When you talk about finding the cubic feet of an object, you're actually talking about finding its volume – the amount of three-dimensional space it takes up – or, to think of it another way, how much water it can hold. Either way, learning to find cubic feet begins with the simplest geometric shape, a cuboid.

## How to Find Cubic Feet

Whether you're using a cubic feet calculator or doing the calculations yourself, you need three pieces of information to find the volume of a cuboid: That shape's length, width and height. There's just one catch: If you want the result to be in cubic feet, every dimension must be measured in feet too.

Once you have those three dimensions, multiply them all together to find the volume of your cuboid shape. The formal formula is:

Here's an example. Imagine that you're asked to find the volume, in cubic feet, of a rectangular box that measures 2 feet by 4 feet by 1.5 feet. Multiply all three dimensions together, making sure to write the unit of measure for each one:

So the volume of that cuboid is 12 ft^{3}.

**Tip:** Your teacher may dock points if you don't write down the unit of measure for each measurement. But even if you're not actively taking classes, writing down those units is a good habit. It makes it much easier to double-check your own work, and also helps you choose the right unit to express your results.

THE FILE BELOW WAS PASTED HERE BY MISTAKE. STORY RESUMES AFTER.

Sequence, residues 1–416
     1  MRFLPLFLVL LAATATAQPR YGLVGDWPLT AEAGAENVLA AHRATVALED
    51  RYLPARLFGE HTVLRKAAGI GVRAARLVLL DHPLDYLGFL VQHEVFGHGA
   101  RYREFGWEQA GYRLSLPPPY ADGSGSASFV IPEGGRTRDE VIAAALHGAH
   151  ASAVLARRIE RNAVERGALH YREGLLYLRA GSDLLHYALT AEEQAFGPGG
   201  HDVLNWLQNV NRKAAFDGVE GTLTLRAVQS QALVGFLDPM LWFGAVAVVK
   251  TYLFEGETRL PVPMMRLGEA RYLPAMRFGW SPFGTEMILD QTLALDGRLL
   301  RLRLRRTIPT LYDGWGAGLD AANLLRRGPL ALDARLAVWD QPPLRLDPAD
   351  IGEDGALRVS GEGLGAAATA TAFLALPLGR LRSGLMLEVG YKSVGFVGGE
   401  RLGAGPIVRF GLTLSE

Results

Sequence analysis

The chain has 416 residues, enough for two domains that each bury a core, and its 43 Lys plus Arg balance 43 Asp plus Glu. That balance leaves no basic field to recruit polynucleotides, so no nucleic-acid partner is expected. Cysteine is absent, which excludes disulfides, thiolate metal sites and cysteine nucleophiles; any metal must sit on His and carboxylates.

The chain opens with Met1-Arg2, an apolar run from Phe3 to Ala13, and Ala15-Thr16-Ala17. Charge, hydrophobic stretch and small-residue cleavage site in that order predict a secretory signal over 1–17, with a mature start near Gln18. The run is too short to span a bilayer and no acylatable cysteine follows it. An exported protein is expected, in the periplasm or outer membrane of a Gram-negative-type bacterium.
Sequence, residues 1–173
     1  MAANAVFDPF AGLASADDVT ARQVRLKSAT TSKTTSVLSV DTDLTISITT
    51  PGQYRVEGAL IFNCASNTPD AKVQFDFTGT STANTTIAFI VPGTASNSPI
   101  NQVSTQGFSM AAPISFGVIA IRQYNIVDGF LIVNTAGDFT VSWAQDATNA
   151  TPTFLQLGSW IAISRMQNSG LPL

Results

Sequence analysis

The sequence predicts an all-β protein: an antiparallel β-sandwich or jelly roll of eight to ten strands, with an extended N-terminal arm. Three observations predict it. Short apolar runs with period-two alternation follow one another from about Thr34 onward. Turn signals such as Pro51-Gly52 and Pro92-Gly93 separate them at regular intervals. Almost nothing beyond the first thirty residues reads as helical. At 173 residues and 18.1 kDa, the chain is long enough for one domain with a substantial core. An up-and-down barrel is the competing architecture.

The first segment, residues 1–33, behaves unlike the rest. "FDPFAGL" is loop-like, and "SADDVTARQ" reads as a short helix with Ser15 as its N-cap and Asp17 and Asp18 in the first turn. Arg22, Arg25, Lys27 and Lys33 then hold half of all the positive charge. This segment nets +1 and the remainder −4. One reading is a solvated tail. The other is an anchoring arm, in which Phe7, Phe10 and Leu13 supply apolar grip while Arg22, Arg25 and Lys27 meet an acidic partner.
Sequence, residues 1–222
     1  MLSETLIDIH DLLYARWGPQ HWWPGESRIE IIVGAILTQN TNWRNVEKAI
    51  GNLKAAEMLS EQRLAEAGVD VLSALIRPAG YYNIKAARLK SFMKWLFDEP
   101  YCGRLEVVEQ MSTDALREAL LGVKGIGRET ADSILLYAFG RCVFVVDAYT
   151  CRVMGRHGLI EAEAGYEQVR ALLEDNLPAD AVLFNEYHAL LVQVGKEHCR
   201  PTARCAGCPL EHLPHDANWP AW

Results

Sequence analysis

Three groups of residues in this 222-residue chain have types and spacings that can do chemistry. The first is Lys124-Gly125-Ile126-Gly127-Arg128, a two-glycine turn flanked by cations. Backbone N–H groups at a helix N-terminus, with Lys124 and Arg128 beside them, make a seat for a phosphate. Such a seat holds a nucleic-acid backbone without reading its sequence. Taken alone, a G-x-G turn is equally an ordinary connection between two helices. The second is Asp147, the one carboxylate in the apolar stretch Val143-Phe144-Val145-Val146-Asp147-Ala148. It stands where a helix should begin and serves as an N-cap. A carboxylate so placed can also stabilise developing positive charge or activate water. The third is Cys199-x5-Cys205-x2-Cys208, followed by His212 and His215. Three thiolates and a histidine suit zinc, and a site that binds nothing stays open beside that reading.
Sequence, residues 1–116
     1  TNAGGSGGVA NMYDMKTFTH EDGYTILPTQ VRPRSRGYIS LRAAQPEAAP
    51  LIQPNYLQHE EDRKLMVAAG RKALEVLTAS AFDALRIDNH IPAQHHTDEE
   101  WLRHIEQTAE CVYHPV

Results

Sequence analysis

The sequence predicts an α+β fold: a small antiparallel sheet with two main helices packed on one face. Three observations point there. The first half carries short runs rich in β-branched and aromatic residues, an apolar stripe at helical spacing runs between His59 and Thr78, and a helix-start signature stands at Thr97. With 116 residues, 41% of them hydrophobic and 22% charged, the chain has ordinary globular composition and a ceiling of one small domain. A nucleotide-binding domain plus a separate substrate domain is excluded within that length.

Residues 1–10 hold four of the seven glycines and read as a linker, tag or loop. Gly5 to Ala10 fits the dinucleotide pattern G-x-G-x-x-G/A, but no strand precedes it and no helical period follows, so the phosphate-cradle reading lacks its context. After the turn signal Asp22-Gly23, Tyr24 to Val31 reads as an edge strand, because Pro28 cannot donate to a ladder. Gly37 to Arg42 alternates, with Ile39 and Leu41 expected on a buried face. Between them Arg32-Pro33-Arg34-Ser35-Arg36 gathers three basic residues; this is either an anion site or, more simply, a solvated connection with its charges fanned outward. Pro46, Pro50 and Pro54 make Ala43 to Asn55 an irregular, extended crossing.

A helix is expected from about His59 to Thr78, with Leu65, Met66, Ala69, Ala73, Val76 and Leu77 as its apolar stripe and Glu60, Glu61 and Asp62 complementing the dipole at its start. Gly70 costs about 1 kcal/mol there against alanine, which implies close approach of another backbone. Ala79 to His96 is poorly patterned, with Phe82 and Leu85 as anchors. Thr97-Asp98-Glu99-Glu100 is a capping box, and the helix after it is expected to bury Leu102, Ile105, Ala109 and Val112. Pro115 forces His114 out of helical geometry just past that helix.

## Going From Inches to Cubic Feet

What if the measurements you're dealing with aren't in feet? The formula for volume of a cuboid only works if all three dimensions are given in the same unit. So if some or all of the dimensions are in inches instead, you can convert them to feet before you start doing your calculations.

**Example:** Consider a box that measures 1 foot long by 9 inches wide and 6 inches high. Before you begin your calculations, convert those inches into feet, giving you measurements of 1 foot by 0.75 foot by 0.5 foot. Now that all three dimensions are given in feet, you can multiply through your formula to find the volume of the box:

**Did you notice?** The formula works even if your dimensions are smaller than one unit, whatever that unit of measurement may be.

For another example, view the video below:

## Converting Cubic Inches to Cubic Feet

What if you already have the cubic volume of the shape in question, but it's given in cubic inches instead of cubic feet? You can still convert it into cubic feet, but watch out: There's a trap here. Because you know that there are 12 inches in a foot, it might be tempting to divide your volume in cubic inches by 12 and call it good.

That *is* how you would convert from linear inches to linear feet. But remember, 1 cubic foot equals 1 ft × 1 ft × 1 ft. When you convert those measurements to inches, you'll see that 1 cubic foot equals 12 in × 12 in × 12 in = 1728 in^{3}.

So if you want to convert from cubic inches to cubic feet, you must divide by 1728. For example, if you have a box with a volume of 4320 in^{3} and you want to convert that to cubic feet, you'd calculate thusly:

So the volume of the box can also be expressed as 2.5 ft^{3}.

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